Tag Archives: Terrorism

Is Schengen Outdated?

By Greta Gietz Davidson College Class of 2015

The European Union, especially the post-1990 version, was founded on ideals of continental integration, peace, unity and freedom. In a continent that was in a seemingly constant state of war, a battlefield for millennia, such ideals were groundbreaking and incredibly meaningful. Now, a little over thirty years after the Schengen Agreement, an embodiment of these ideals and a centerpiece of the European project, was signed and only twenty years after the open borders between twenty-six European countries were fully implemented, insurmountable pressures face its future. The vast number of migrants crossing into the Schengen zone in the Mediterranean and the concern over terrorism are exposing the flaws and incomplete development of the open borders agreement. This moment of crisis could either erode the European project or significantly improve its structures for a stronger, long-lasting future. It is clear that something needs to change, not just in the name of security and control, but to keep the re-emerging populist parties at bay.

The Schengen zone is the world’s largest passport-free area comprising 400 million people from twenty-two EU and four non-EU countries. While EU citizens do not require a visa to visit or work in EU countries outside of Schengen, such as the UK, Schengen has facilitated the building of a European identity. Not only is Schengen practical, but it embodies 21st century governance in a post-nation state, globalized world by promoting the exchange of people and ideas across cultures and nations. With the open borders came the Euro, further integrating the European market and easing travel across the continent.

Can this almost utopian, deeply symbolic structure survive the migration crisis and, most recently, the growing fear that terrorists are exploiting Europe’s open borders, infiltrating the heart of Europe?

Since the attacks of November 13, France has reinstated border controls and Angela Merkel expressed that the migration crisis is raising “the question of whether or not the Schengen area can be maintained in the long term.” The investigations into the Paris attacks have suggested that at least one of the terrorists entered the Schengen area through Greece, disguised as a Syrian refugee a few months ago. It has also been concluded that the attacks had been planned in the Brussels neighborhood of Molenbeek, and that the attackers had moved freely between Belgium and France. Furthermore, as several of the suspects associated with the attacks had been known to French and Belgian intelligence, the investigations have uncovered the lack of cooperation and communication between the French and Belgian and other European authorities, despite sharing an open border.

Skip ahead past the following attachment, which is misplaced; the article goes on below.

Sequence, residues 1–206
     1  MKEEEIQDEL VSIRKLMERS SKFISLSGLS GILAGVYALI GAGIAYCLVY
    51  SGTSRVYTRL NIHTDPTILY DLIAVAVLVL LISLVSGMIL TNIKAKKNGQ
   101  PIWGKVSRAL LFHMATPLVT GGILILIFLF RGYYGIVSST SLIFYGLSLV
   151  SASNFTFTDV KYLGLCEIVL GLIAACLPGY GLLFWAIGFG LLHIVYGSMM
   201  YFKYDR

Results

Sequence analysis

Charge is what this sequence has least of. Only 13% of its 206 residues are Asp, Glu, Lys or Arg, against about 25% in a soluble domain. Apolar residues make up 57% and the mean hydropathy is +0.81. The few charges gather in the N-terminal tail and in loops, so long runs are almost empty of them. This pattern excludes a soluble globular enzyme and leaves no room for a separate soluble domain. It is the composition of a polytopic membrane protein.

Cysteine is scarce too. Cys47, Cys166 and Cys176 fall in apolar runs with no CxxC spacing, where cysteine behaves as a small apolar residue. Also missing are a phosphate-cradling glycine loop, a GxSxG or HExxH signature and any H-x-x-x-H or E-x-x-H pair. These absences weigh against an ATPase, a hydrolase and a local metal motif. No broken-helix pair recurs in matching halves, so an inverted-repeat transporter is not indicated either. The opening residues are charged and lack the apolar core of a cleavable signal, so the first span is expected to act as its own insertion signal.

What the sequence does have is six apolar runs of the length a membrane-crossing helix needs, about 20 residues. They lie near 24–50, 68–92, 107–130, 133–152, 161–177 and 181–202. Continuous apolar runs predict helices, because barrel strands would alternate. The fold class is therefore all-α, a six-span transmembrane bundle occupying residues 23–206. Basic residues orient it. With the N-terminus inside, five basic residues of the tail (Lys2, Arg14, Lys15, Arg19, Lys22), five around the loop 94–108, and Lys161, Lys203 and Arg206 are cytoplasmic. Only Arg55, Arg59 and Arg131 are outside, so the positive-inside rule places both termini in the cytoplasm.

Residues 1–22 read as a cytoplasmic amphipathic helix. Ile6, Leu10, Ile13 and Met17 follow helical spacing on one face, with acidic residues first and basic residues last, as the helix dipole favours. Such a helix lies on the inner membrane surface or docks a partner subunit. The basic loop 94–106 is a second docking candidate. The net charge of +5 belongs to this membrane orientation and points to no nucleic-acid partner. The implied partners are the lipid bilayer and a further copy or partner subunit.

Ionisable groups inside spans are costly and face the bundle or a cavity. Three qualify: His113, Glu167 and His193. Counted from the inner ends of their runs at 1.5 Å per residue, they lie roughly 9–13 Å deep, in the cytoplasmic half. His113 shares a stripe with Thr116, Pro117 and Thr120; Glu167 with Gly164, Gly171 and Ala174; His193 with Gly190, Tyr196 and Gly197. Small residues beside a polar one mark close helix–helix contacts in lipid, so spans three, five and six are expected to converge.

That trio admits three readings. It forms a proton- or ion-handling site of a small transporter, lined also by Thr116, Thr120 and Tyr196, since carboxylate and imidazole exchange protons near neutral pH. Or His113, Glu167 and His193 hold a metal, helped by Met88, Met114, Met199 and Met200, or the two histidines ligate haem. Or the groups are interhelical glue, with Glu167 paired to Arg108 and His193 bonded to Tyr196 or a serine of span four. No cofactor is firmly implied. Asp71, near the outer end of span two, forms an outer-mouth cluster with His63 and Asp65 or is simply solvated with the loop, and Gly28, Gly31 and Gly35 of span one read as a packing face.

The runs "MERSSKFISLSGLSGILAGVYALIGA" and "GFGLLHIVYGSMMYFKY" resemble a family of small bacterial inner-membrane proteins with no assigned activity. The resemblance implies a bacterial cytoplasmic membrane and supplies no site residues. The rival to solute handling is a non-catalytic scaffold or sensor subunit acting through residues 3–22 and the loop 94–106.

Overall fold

These failures have exposed the shortcomings of Schengen and a scepticism that has always lurked in the background. There is no centralised effort or standard of policing the external borders and ensuring security within the member states. Frontex, the EU’s border control agency, is based in Warsaw, far away from the migration crisis, and it lacks funds and manpower to be effective. Until now, policing the external borders was largely a national responsibility. The Greek and Italian officials on Mediterranean islands and in coastal regions

carried the burden and were quickly overwhelmed and overrun by the migration influx. It was therefore completely out of the hands of countries like Germany and Sweden, the destinations for many migrants. Despite the Schengen zone practically being one country in terms of borders, there is no centralised intelligence. Many countries see a pan-European intelligence agency as too large a surrender of national sovereignty, but recent events arguably demonstrate the dangers in not joining intelligence forces. Even without Schengen, it will be necessary to invest in collaborative intelligence efforts. Europe is small and cooperation is vital.

Until now European integration has always developed and grown, now, for the first time, the EU might have reached its limits. While the borderless zone eases trade and speeds up deliveries, economic reasons will not be decisive. The free movement of people and goods will hardly be hindered by reinstated passport controls. Returning to traditional borders might satisfy the unease among the public, but it would indubitably be a big symbolic hit to European integration and potentially erode European identity. It will also make collective action on migration and security issues more difficult.

Instead, the EU should take recent events as a reality check. The flaws have become evident and need to be tackled by completing and finessing Schengen’s development: collectively strengthen the external borders by creating a common standard and giving Frontex more funds and manpower, and improving pan-European intelligence and communication. Schengen can only be effectively upheld if all members are committed to the same standards and processes.